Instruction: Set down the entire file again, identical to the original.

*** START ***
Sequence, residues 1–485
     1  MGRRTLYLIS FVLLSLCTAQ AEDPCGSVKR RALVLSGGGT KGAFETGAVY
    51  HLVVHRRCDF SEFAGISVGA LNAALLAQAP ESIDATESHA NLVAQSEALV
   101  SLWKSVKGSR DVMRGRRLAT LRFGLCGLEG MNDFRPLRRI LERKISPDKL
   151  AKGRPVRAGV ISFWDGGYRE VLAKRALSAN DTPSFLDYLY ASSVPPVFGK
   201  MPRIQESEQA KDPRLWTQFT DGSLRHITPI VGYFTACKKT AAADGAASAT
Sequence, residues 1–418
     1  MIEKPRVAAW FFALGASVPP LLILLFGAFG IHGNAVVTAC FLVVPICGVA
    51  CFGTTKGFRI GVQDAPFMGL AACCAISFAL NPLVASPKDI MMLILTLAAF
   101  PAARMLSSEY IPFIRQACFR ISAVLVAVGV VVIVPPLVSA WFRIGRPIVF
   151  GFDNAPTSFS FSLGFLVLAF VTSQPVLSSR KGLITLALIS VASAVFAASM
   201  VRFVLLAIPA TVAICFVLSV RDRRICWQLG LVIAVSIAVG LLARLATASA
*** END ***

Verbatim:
Sequence, residues 1–485
     1  MGRRTLYLIS FVLLSLCTAQ AEDPCGSVKR RALVLSGGGT KGAFETGAVY
    51  HLVVHRRCDF SEFAGISVGA LNAALLAQAP ESIDATESHA NLVAQSEALV
   101  SLWKSVKGSR DVMRGRRLAT LRFGLCGLEG MNDFRPLRRI LERKISPDKL
   151  AKGRPVRAGV ISFWDGGYRE VLAKRALSAN DTPSFLDYLY ASSVPPVFGK
   201  MPRIQESEQA KDPRLWTQFT DGSLRHITPI VGYFTACKKT AAADGAASAT
Sequence, residues 1–418
     1  MIEKPRVAAW FFALGASVPP LLILLFGAFG IHGNAVVTAC FLVVPICGVA
    51  CFGTTKGFRI GVQDAPFMGL AACCAISFAL NPLVASPKDI MMLILTLAAF
   101  PAARMLSSEY IPFIRQACFR ISAVLVAVGV VVIVPPLVSA WFRIGRPIVF
   151  GFDNAPTSFS FSLGFLVLAF VTSQPVLSSR KGLITLALIS VASAVFAASM
   201  VRFVLLAIPA TVAICFVLSV RDRRICWQLG LVIAVSIAVG LLARLATASA